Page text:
A cliche photo symbolizing “romantic” piano music, like Chopin. Note: no pianist in his or her right mind would ever drape florals or candles on any musical instrument.
I have mixed feelings about Chopin. If you’re a piano major, you have to learn a lot of Chopin and after a while, you’re tired of one syrupy nocturne after another. I put up a post on Facebook asking if anyone had a love-hate relationship with his music. Mostly pianists replied. Some said a bit of both; others swore their undying love and devotion (they tended to be non-pianists); yet others said, sensibly, it depends how it’s played. One post from Toronto pianist, Jacqueline Mokrzewski, said his music was often unnecessarily difficult because Liszt, a friend and rival of Chopin, wrote for himself as a performer, and therefore wrote music that suited the hand; Chopin, however, hid himself away and wrote what was inside him. He did not think of the actual mechanics as much, which is why his music is both exquisite and horrifically difficult to play. Most though, acknowledged an underlying appreciation for his music.
A couple of things happened while I was a music student at university that made me rediscover Chopin. One was a theory class where lecturer Howard Bashaw made us analyze one of Chopin’s pieces. I wasn’t thrilled at first – it was a LOT of notes to look at – but I’ll always be grateful for that class, because I learned how revolutionary his music actually was at the time it was written. I also learned the very beginning of a decidedly contemporary sound was thanks to Chopin’s innovative writing. The other event that completely turned my world upside down was the movie “Impromptu”, which came out in 1991.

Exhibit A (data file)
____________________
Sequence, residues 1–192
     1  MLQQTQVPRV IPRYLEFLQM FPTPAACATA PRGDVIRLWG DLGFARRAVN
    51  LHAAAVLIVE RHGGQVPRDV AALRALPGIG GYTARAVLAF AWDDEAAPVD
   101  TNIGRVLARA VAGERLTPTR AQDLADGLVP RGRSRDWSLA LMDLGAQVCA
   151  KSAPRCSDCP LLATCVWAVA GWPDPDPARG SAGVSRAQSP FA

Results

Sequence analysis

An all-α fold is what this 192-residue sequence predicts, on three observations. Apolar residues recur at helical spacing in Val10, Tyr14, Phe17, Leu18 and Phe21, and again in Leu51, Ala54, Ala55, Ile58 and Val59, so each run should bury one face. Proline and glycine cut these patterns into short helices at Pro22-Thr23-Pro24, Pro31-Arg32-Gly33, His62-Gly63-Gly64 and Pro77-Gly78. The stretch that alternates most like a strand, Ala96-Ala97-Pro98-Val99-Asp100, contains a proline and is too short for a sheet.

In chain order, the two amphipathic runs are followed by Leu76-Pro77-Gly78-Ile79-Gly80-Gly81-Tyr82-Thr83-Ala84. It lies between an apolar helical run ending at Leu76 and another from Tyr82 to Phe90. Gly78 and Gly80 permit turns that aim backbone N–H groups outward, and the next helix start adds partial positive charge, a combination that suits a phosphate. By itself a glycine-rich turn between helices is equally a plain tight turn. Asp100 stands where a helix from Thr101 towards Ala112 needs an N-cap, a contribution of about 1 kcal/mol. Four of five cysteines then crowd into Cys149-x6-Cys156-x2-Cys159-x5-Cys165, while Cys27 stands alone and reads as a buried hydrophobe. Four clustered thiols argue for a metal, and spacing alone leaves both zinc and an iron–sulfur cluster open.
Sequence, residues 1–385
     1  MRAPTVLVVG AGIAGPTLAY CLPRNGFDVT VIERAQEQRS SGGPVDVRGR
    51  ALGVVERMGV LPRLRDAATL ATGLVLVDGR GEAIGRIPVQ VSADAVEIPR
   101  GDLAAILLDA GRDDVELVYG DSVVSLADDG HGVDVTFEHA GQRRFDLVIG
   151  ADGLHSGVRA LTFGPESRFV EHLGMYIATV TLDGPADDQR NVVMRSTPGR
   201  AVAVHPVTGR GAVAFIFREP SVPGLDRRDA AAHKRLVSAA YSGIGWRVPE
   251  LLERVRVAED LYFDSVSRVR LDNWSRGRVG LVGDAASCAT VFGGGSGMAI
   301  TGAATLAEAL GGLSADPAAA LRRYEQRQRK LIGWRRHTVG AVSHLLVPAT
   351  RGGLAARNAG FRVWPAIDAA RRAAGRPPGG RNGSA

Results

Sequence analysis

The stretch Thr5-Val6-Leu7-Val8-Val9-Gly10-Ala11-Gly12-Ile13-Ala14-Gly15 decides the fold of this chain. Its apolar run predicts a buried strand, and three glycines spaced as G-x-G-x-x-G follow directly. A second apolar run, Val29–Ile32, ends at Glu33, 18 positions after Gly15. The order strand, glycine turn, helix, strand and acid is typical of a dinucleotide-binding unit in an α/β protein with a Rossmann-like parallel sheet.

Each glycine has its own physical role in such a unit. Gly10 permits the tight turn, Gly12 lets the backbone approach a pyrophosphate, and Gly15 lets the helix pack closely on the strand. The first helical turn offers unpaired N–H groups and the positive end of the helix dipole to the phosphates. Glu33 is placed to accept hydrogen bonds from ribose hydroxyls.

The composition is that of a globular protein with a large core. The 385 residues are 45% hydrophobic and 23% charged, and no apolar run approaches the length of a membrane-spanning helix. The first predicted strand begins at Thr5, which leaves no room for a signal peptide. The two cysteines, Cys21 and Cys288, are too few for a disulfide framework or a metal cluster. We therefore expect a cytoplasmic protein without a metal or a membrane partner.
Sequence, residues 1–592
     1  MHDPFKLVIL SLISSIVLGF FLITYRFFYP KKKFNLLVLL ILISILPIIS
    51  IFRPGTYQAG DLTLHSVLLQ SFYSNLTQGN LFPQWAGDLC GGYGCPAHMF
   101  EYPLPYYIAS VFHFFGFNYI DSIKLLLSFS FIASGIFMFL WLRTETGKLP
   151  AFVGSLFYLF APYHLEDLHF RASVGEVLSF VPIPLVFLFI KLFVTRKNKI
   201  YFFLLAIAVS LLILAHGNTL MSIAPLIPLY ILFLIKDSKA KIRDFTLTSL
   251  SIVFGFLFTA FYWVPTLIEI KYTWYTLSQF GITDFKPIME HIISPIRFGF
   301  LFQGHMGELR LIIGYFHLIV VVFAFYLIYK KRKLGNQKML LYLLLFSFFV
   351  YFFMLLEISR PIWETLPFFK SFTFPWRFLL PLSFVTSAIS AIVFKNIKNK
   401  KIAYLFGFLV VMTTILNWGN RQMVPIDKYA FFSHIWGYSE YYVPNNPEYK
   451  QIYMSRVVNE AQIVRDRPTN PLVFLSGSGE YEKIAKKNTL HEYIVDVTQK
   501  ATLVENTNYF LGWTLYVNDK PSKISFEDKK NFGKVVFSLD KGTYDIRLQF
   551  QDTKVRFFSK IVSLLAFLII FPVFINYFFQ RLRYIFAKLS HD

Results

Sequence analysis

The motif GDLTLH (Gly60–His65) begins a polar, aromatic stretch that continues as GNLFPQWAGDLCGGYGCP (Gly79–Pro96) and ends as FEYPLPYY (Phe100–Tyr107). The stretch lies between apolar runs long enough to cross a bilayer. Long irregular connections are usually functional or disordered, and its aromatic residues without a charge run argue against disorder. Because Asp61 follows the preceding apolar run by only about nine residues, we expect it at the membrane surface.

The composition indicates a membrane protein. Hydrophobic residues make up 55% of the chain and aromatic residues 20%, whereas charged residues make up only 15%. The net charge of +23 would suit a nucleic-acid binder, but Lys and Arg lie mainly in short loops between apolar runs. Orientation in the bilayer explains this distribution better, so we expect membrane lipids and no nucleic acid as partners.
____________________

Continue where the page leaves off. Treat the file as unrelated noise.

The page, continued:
My friend Yukari and I were university music majors at that time. She was in the piano performance program, and I was taking general music, concentrating on piano and voice. We were cynical Chopin haters, and found his music cliché (in the same vein as the photo above). The movie, starring a relatively unknown Hugh Grant as Chopin, Judy Davis as the eccentric writer George Sand, and Julian Sands portraying Franz Liszt, may not have been historically all that accurate, but whoa – Yukari and I had a profound change of heart after seeing that movie. George Sand (a woman writer assuming a man’s name who often dressed in drag) was passionately in love with Chopin’s music, and then the man. It was what Yukari and I needed to hear: Chopin’s music through the ears of a new devotee, someone enthralled, impassioned, and intensely captivated.
We floated out of the theatre as converted Chopin cult fanatics. We saw the world as a very happy place. Everything turned to delicate shades of pastel technicolour, and birds happily paired up and snuggled on the tree branches like in a Disney movie. We sighed heavily a lot that day, hands over our hearts. (To make sure I wasn’t imagining all this, I texted Yukari as I prepared this feature, and she poetically confirmed my memories, and we texted back and forth down memory lane.) I decided to learn some of his music again- something I swore I’d never do. Yukari pledged to learn his fourth Ballade for her graduation recital – and she did. We emerged changed women, completely high on the music of Chopin … and I began my (ongoing and one-sided) love affair with Hugh Grant.
This is the Ballade No. 4 in F minor – the one my friend Yukari learned for her graduation recital in 1992. It’s played here by Ingrid Fliter.
Frederic Francois Chopin was born March 1, 1018 in Warsaw, Poland, and died October 17, 1849 in Paris, France.